The Prices' home started life as a beach condo in the 1930s, and they tried to keep it true to its Old Florida roots.
What started out as a renovation became a rebuild and recently ended as a historic island treehouse.
Lori and David Price bought their Longbeach Village home in 2019, though they just moved in a few months ago. It’s Number Six of the original Whitney Beach Resort cottages which started life on the beach in the 1930s and moved across the street in the 1950s. It’s elevated above floodwaters and shrouded in mature palms and trees with dripping Spanish moss. It was a fixer-upper, but it captured the Prices, who were looking for a small, elevated waterfront home. Somehow, they found the one that ticked all the boxes.
“It is kind of old Florida,” Lori said. “David grew up in north Florida and when he saw this, he said, ‘This is Florida.’”
The Prices first came to Longbeach Village years ago when they would take their sailboat down from their home in St. Petersburg. Lori would walk the dog around the neighborhood when they were anchored off the Key and though she liked the little slice of Longboat, she never thought she and David would live there until they saw the listing in 2019. The house went on the market on a Sunday, they toured it on Monday, put an offer in on Tuesday and were the owners by Wednesday.
They started work in July 2020 and just got their final approval about a month ago. While their dream home was being redone, the Prices moved seven times in two years — from Bradenton Beach, to Linley Street, to their guest house, and so on — and all of their belongings were in storage. Finally, after they made their way into the house in April, they moved all their furniture and possessions in during June. As of mid-August, they were still finishing renovations and pouring concrete.
“We sometimes had seven carpenters working here at the same time,” David said.
“This was a carpenter’s dream,” Lori said. “They even thanked us while working on this. These guys were artists.”
The home still smells like a carpenter’s dream, too, like the pecky cypress wood that makes up the walls, newly vaulted ceiling and a couple doors. David saved the rough cypress from the inside and outside of the home as he worked on the demolition and filled it out with scraps from Sarasota Architectural Salvage. The heart pine floors are intact and the Prices rebuilt the original fireplace, too. They also put a roof over all three of the original buildings to be able to classify it as one home, thereby avoiding the multiple insurance policies they had. In the 1980s, a master bedroom and guest house were added, along with a pod on top of the home that they call the “nest.” It’s a bit tricky to find where you are in the home, and the Prices sometimes use a walkie-talkie system to find each other. Now that it’s done, it has the feel of a mountain cottage — just a short walk from the beach.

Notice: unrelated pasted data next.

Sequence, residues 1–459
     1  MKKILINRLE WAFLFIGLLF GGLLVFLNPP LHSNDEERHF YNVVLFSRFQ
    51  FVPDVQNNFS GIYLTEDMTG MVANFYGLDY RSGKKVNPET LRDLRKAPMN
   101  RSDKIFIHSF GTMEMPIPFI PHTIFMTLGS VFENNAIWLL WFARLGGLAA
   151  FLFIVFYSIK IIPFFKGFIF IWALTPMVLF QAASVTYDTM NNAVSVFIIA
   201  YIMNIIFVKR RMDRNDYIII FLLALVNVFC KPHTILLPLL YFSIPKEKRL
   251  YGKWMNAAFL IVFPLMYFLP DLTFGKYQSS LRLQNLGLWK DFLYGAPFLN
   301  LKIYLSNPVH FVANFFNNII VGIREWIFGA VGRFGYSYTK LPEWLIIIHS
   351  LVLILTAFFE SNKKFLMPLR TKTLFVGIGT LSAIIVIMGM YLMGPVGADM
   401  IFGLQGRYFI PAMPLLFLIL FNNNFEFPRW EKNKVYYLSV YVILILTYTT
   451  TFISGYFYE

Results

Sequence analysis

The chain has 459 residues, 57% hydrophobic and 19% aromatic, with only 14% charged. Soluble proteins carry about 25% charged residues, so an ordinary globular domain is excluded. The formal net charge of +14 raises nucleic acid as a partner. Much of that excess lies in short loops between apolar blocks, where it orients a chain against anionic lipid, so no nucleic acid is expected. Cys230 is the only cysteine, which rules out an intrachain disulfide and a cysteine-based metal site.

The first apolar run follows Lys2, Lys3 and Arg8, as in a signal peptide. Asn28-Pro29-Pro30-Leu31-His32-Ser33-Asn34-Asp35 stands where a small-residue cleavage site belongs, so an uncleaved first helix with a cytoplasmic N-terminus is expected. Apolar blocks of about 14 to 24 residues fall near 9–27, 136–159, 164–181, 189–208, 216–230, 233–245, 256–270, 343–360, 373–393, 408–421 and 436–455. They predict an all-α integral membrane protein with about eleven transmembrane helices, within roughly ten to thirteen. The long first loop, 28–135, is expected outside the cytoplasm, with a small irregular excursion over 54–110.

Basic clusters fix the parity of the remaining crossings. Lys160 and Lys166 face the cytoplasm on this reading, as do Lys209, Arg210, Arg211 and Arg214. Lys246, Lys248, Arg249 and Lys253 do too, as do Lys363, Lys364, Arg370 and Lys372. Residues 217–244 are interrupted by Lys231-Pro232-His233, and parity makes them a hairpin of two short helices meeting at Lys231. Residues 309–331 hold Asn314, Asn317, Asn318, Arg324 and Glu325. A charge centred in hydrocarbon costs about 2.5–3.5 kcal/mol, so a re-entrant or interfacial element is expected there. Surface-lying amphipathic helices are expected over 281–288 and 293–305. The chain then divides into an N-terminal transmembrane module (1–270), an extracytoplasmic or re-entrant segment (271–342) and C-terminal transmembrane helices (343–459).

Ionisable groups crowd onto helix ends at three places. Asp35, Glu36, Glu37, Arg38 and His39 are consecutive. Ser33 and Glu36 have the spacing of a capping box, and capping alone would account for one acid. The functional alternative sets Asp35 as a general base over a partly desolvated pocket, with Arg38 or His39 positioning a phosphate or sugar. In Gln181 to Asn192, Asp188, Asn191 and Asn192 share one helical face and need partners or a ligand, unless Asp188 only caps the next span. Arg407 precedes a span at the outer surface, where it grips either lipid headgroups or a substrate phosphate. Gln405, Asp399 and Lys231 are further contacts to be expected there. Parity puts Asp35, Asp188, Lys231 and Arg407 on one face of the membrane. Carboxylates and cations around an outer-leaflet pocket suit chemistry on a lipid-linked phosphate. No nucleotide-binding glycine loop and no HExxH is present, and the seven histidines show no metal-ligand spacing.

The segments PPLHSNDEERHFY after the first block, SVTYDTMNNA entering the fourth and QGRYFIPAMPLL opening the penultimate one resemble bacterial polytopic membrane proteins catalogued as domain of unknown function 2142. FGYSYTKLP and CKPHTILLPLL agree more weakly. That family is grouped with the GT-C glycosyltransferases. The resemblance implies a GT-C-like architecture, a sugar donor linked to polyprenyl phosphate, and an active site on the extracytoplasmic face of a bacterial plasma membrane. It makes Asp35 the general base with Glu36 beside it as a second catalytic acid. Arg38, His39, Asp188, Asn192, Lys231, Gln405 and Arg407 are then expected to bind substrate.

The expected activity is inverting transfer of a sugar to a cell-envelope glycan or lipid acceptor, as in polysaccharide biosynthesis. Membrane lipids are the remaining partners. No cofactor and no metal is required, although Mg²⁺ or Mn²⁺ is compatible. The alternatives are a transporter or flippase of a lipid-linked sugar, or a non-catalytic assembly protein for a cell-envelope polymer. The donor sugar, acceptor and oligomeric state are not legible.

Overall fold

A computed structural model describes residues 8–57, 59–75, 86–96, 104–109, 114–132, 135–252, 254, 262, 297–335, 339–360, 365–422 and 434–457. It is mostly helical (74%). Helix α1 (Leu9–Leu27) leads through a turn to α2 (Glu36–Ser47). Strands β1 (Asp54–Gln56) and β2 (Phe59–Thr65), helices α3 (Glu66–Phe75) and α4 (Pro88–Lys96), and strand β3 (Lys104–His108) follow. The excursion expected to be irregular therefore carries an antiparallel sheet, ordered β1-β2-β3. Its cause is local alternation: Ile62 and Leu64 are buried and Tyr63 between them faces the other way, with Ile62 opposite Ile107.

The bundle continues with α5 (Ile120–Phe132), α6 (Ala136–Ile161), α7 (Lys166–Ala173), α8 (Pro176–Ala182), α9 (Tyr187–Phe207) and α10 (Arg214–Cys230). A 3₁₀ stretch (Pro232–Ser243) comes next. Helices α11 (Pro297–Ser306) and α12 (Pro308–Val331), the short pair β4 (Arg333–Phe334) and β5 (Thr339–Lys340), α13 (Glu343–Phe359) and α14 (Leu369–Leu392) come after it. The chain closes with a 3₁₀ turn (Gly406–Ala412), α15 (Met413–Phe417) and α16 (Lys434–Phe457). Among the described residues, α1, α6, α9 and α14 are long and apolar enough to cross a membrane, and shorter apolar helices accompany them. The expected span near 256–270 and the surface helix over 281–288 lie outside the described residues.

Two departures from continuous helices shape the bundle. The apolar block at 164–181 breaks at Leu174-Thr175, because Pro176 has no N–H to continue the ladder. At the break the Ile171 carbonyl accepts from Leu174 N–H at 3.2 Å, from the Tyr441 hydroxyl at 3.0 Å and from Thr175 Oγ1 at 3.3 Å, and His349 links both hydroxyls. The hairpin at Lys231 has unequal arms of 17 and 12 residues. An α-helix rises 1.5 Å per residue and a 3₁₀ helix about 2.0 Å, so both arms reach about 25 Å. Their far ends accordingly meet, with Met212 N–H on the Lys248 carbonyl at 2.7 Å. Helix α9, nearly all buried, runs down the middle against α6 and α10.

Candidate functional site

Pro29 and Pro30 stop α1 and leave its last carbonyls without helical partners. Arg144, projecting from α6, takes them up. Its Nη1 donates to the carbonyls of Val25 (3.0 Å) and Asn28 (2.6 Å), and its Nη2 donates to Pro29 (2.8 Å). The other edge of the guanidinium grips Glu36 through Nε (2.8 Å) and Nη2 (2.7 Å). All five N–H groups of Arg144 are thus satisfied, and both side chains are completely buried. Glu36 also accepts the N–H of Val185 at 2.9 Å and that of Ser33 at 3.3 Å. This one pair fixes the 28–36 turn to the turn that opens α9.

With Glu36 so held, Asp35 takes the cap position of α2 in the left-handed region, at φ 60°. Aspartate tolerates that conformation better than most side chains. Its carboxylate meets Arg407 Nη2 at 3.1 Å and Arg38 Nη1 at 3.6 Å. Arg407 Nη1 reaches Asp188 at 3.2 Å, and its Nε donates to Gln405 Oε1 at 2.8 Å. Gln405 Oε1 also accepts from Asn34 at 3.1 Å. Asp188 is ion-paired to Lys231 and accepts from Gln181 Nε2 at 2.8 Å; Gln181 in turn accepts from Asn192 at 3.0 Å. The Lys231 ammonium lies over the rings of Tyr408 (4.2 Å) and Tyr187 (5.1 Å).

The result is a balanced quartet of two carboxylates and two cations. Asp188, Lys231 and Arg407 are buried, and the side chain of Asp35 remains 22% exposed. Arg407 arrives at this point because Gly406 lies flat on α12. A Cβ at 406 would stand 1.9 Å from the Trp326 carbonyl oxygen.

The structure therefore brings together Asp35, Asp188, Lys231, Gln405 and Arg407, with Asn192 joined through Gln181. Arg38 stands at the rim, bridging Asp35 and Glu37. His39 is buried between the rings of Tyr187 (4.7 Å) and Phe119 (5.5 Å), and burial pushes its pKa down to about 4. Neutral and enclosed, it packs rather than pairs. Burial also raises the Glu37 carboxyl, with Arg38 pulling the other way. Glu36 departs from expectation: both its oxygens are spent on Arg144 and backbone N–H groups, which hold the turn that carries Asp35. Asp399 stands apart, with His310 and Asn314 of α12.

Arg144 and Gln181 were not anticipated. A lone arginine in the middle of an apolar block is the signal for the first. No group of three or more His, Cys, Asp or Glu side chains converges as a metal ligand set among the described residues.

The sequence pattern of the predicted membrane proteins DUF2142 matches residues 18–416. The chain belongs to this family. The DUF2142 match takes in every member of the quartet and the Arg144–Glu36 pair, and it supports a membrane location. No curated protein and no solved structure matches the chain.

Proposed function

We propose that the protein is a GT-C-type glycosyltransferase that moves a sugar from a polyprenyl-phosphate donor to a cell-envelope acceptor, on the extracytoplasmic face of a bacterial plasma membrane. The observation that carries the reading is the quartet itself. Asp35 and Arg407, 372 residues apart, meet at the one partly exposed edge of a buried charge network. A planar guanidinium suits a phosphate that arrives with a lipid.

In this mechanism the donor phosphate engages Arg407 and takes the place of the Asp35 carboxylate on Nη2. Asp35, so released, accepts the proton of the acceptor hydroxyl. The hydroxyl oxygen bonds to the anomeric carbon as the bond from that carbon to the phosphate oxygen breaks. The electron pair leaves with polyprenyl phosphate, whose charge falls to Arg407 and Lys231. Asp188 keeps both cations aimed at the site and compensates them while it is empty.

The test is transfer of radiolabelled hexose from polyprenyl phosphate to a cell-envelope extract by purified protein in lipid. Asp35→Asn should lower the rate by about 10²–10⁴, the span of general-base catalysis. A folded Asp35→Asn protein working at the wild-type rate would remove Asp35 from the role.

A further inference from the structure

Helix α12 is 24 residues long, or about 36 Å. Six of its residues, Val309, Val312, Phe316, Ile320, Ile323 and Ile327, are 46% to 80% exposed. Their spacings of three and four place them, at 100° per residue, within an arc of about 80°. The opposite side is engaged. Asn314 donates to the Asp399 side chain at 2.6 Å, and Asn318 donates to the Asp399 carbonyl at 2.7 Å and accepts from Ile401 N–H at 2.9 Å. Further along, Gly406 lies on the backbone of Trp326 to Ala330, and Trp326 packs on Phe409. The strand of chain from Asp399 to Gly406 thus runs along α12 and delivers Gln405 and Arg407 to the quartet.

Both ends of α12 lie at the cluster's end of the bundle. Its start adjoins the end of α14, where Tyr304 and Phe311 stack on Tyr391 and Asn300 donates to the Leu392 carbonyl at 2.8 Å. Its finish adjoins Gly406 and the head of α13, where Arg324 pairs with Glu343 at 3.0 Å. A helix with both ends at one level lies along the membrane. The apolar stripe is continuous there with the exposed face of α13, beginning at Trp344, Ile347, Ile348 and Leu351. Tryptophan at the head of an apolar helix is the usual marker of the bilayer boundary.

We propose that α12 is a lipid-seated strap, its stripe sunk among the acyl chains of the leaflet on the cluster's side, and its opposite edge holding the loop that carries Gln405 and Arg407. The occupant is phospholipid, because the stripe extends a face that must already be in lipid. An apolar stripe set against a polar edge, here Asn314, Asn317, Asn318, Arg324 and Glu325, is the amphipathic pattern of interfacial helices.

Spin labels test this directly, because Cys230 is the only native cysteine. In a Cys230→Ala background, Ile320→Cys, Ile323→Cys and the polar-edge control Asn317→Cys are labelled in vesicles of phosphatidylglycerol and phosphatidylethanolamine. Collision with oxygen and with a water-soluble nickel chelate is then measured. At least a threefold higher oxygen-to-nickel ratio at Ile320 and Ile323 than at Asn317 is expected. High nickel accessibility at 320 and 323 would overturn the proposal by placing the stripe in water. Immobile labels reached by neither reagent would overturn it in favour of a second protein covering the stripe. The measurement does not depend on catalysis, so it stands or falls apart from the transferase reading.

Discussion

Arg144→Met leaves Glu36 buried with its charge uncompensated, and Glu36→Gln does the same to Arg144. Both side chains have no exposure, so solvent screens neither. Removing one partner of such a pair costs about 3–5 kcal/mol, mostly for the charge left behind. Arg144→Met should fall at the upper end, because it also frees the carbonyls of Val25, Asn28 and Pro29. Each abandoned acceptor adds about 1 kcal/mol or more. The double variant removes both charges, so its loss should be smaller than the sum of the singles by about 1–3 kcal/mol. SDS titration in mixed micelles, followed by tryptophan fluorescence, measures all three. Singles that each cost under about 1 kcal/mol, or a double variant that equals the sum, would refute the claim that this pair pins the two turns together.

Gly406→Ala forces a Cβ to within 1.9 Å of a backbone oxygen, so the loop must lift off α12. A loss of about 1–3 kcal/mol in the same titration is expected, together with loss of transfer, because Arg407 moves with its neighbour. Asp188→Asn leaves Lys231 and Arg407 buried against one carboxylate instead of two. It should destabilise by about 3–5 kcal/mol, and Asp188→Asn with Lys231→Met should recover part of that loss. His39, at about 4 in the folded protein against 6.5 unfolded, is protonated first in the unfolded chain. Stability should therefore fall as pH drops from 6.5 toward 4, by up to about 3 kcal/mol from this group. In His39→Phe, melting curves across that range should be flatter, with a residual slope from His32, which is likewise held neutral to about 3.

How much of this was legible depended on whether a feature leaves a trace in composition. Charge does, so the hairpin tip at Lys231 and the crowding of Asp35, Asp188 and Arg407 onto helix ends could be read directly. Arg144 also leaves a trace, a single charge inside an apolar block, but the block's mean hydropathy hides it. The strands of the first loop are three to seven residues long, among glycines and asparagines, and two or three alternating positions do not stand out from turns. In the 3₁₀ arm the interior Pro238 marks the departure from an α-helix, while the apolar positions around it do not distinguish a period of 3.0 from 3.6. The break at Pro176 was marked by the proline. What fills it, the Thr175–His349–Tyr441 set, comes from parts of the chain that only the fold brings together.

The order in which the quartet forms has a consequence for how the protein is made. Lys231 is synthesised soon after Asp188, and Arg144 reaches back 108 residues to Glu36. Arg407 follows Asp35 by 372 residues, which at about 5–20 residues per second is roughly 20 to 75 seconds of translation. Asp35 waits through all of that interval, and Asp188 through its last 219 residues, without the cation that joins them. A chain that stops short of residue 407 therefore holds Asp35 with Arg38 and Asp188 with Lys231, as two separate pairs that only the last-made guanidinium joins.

“It started as a renovation and became a rebuild,” Lori said.
“It’s really a restoration,” David said.
Having moved to St. Petersburg from New Orleans meant that the Prices knew how vital an elevated home can be in a storm-prone area. It was a must for them, and it’s already served them well. When the Village flooded during Hurricane Eta in November 2020, David Price had water up to his knees downstairs, but none of it got in the house. After that, their neighbor who also owns a Whitney cottage came over to check out the elevation for her own plans.
Not that the home is all high and dry. One of the biggest problems during the renovation was the complete lack of roof decking. The entire roof had to be taken off and redone because it wouldn’t keep the water out.
“I used to dread when it rained because we had to go around and put the buckets down, but I was thinking the other day that I love it when it rains now,” Lori said.
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